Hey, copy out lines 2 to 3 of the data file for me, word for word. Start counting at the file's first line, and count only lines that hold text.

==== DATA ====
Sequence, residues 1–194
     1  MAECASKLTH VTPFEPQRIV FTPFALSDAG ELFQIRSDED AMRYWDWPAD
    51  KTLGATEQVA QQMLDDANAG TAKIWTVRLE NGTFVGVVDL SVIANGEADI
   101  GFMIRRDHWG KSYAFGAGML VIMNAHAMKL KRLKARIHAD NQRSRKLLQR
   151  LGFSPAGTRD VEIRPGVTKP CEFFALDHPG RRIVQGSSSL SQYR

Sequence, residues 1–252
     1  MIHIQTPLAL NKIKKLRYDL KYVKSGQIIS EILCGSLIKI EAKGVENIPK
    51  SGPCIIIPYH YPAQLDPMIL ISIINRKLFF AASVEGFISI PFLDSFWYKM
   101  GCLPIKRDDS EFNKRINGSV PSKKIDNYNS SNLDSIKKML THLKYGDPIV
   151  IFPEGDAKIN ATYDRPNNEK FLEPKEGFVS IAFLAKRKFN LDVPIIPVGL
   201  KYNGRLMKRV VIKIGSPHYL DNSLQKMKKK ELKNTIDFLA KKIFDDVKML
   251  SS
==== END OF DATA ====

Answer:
     1  MAECASKLTH VTPFEPQRIV FTPFALSDAG ELFQIRSDED AMRYWDWPAD
    51  KTLGATEQVA QQMLDDANAG TAKIWTVRLE NGTFVGVVDL SVIANGEADI